So what’s the next step for Scott Baker in his recovery from Tommy John surgery?
“That’s a good question,” Baker said Tuesday at Wrigley Field. “I’m here and however they want to let me know what’s going on, I’d be happy to listen.”
The Cubs held out hope Baker could be part of their Opening Day rotation when they signed him to a one-year, $5.5 million deal last November, citing the predictable rehab and the 95-plus percent success rates in Tommy John cases.
But as Baker worked through setbacks and slowly made his recovery, the timeline shifted to maybe the All-Star break or after the July 31 deadline or at least a September audition. So it was surprising to hear manager Dale Sveum say the Cubs have no plans to use Baker as a starter this month and might move him to the bullpen.
“Nobody’s told me either way,” Baker said. “That’s news to me if that’s the case. I understand there are some guys that have come over in trades and there are a lot of guys here with a limited amount of innings to throw.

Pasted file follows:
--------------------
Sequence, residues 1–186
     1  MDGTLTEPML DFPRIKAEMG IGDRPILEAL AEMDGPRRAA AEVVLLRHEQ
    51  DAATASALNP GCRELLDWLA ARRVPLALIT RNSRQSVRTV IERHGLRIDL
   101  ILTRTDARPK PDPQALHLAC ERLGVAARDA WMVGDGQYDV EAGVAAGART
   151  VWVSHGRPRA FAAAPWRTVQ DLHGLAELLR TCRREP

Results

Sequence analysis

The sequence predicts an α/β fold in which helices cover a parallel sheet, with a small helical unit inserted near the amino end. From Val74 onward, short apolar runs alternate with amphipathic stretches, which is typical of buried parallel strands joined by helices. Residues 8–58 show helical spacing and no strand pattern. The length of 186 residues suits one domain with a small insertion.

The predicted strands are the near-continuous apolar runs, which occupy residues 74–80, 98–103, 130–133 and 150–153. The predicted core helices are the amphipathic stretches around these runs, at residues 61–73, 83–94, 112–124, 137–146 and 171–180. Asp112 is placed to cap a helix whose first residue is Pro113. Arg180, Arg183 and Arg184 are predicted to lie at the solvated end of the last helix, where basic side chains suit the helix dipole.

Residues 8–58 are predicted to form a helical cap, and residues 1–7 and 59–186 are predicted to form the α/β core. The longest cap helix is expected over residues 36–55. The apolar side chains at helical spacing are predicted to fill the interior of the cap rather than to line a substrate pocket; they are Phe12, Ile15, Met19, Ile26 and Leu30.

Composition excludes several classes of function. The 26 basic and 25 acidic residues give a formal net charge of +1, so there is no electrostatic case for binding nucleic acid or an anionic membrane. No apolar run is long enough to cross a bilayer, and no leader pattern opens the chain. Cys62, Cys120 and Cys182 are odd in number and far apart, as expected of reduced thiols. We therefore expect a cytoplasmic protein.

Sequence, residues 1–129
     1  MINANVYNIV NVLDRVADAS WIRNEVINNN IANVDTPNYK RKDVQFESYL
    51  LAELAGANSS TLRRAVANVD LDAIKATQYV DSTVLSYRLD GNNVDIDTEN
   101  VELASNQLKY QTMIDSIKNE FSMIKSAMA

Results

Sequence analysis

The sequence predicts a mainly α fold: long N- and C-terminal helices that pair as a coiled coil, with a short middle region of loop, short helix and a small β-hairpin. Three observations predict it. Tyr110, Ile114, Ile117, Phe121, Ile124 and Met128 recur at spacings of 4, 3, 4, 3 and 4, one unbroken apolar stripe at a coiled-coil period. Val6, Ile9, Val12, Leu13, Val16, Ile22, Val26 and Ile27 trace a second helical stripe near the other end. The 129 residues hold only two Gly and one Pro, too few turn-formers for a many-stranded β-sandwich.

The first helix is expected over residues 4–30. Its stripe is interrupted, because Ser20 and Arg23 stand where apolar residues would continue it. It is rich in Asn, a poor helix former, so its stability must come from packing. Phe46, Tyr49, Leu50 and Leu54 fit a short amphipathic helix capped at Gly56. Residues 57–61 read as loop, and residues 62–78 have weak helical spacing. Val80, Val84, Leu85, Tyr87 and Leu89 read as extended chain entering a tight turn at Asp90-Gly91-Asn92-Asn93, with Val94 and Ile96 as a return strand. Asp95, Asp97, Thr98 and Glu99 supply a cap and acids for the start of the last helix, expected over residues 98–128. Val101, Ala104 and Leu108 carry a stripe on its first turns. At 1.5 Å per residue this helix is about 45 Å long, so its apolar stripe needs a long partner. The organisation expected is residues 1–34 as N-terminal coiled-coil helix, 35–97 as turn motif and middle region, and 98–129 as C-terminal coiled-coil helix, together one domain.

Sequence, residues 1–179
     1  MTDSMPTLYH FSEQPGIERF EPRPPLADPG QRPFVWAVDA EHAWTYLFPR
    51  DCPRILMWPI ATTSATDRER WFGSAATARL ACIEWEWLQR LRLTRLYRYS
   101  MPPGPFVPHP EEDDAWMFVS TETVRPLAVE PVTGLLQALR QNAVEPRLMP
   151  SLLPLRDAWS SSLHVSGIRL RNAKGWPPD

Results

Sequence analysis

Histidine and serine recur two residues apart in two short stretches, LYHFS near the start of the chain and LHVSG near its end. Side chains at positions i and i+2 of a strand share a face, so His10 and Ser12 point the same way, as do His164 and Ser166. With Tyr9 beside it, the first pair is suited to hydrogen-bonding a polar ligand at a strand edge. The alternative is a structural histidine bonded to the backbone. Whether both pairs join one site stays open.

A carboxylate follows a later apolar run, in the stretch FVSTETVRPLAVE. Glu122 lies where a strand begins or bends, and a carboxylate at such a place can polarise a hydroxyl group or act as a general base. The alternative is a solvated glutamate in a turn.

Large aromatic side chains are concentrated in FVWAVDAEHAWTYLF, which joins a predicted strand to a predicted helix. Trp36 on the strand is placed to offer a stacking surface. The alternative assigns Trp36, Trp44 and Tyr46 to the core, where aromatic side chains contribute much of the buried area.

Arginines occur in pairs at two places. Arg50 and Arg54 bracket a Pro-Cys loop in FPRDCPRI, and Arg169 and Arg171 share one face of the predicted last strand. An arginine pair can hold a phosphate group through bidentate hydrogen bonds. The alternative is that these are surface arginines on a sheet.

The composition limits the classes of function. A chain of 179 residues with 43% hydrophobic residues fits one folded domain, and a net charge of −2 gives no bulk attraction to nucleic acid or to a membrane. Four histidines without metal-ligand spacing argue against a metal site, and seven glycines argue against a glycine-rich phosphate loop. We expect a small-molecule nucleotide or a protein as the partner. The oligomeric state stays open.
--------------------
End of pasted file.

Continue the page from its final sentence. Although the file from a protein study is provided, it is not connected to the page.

“I get it. I get why they would say that. Of course, I do want to start, whether that’s here or there or anywhere, because that’s what I’ve always done. I really don’t have a lot of experience doing anything else and I enjoy starting. That is what I want to do.”
Sveum would only say the Cubs are still evaluating Baker’s situation. They promoted right-hander Justin Grimm, lefties Brooks Raley and Zach Rosscup and catcher J.C. Boscan from Triple-A Iowa on Tuesday while designating outfielder Dave Sappelt for assignment.
Baker worked into the sixth inning on Monday with Class-A Kane County, allowing two runs on seven hits, giving him a 5.46 ERA through eight rehab starts.
“I’m sure the velocity’s not where I want it yet, but thankfully I know how to pitch a little bit (and) get guys out,” Baker said. “Let’s be realistic: It’s been a long time since I’ve pitched competitively every fifth day. It’s not because of lack of effort. It’s just a timing thing. And the more I do it, the better it’s going to get.”
Baker missed the entire 2012 season but had enough of a track record with the Minnesota Twins (63-48, 4.15 ERA) that both sides had signaled a willingness to do another deal in Chicago.
“That’s a little premature,” Baker said. “If anything, I need to prove I’m capable of pitching in a Major League ballgame. That’s the first and foremost thing that’s at least on my mind. I don’t really have any thought about next year because there’s a lot that needs to happen this year to set up next year.”
Like making a few starts in a Cubs uniform this month.
“I don’t have one negative thing to say about how things have been handled,” Baker said. “They’ve given me every opportunity to get healthy and to be successful. It’s just taken a lot longer than everyone anticipated. It stinks, but it is what it is.”